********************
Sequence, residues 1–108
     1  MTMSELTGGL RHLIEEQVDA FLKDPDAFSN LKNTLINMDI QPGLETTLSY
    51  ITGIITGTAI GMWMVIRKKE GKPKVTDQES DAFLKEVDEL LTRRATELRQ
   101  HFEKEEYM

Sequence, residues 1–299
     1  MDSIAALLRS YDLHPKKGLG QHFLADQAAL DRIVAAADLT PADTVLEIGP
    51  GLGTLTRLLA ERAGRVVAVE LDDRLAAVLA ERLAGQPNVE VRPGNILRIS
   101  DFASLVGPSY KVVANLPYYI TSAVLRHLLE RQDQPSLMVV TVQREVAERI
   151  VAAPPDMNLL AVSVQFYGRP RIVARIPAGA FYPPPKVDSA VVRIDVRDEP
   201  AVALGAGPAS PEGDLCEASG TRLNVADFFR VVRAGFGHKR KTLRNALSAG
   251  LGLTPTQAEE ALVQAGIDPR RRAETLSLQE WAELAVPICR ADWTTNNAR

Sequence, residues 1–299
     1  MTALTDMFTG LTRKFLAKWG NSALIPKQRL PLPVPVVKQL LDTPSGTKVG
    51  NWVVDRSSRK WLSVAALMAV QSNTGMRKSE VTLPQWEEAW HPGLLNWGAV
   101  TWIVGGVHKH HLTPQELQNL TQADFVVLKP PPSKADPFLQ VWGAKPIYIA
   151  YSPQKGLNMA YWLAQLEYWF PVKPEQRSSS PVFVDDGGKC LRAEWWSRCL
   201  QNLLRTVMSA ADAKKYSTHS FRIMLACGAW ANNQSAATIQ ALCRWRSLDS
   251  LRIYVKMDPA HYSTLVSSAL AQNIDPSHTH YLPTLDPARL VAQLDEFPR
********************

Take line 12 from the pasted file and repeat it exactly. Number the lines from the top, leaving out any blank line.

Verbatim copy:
Sequence, residues 1–299